My father's Opel Astra F 2008 has thick bands of rust on the rear brake rotors. Both brake rotors are almost identical. Is it possible that the pads only cover the non-rusted part of the disk, or is this always indicative of a braking issue?
The inside band is not an issue. There is space between where the brake rides on the rotor (the shiny part) and the hat (the hub area). There has to be space here to allow the rotor to rotate independently of the brake pad and caliper.
The outside band may be more problematic. On most disk brake setups I've looked at, there will be a small band, usually measured in millimeters between the shiny part and the outside of the rotor. I cannot tell the exact measurement on yours, but it seems to be much broader than what I'm used to.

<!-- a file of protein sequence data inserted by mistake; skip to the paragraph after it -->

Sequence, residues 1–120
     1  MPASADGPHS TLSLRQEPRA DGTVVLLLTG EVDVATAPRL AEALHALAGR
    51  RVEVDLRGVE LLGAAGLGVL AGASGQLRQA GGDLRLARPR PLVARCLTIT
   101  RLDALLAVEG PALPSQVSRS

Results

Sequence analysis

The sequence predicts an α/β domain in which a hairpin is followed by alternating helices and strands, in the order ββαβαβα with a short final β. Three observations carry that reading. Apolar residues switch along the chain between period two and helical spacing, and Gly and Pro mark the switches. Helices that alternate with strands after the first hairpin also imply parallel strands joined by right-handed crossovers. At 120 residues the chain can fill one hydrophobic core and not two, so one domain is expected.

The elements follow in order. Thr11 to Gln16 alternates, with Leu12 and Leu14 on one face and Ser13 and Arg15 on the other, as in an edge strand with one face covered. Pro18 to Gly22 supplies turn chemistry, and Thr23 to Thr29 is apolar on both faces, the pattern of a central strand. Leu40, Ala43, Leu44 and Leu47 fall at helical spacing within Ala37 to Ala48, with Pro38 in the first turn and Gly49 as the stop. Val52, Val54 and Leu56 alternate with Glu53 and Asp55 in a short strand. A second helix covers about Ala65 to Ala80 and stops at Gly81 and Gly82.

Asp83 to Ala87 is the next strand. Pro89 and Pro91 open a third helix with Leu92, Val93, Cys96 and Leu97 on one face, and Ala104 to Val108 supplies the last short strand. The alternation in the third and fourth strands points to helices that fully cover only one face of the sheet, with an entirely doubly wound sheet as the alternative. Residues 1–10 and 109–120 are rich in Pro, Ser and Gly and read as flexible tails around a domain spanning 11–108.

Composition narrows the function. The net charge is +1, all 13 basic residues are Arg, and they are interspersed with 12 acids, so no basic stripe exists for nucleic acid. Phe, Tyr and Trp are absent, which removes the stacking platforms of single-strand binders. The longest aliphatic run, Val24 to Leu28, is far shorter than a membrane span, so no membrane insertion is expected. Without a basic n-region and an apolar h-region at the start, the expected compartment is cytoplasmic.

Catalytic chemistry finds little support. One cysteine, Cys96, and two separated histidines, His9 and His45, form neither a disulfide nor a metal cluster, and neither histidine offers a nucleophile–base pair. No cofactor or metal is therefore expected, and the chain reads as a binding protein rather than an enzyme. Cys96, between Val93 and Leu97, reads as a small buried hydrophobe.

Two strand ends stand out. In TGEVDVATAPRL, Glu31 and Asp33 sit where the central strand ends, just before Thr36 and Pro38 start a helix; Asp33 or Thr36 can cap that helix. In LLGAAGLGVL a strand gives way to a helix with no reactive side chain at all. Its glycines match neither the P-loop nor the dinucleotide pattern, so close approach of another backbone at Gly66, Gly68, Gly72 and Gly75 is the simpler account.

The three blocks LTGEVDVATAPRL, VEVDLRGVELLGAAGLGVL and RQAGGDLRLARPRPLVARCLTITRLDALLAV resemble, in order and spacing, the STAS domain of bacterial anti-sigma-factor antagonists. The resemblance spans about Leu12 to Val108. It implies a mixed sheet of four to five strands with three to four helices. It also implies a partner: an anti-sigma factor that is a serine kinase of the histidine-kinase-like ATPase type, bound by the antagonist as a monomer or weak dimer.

Two things to look for here to tell if you have a potential issue. First, look at the shiny area on the back side of the rotor. This area should mirror the same area you are seeing on the side we are looking at. Secondly, look at the disk opposite this one on the same axle. Does it look the same? If the rotors look the same on each side and on both sides of the axle, then there is probably not much to worry about. If, on the other hand, there are discrepancies, then there is probably a need to have them looked at. It could be a chunk of friction material has come lose and therefore there's not as large of an area of contact being made to the rotor. This causes uneven braking, which may cause other issues down the road.
If the size of the pad matches the "clean" surface then no, you don't have an issue - until, that is, you try to remove the pads...